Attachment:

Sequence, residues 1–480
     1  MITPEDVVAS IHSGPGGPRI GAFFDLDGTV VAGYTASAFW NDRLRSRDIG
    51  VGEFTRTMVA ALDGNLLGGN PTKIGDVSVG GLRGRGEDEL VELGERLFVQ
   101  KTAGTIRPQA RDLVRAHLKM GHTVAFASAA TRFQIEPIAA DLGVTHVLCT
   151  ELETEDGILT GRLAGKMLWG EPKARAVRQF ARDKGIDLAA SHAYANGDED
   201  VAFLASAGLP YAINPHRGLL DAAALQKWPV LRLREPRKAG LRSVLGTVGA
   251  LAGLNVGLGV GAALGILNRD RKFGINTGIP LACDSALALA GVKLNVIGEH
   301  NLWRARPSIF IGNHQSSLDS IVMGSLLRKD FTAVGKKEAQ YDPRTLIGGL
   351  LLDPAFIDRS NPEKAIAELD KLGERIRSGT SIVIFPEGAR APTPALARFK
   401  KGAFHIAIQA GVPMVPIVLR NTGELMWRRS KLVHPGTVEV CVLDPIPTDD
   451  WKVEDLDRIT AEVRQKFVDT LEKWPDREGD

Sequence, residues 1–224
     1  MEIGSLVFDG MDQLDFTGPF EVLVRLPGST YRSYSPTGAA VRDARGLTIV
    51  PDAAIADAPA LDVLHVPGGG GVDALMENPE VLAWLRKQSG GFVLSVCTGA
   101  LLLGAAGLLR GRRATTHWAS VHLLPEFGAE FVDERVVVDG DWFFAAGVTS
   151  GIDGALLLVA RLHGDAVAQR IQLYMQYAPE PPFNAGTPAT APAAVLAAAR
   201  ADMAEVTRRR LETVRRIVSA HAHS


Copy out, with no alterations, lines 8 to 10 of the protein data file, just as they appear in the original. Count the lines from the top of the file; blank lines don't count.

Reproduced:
   301  NLWRARPSIF IGNHQSSLDS IVMGSLLRKD FTAVGKKEAQ YDPRTLIGGL
   351  LLDPAFIDRS NPEKAIAELD KLGERIRSGT SIVIFPEGAR APTPALARFK
   401  KGAFHIAIQA GVPMVPIVLR NTGELMWRRS KLVHPGTVEV CVLDPIPTDD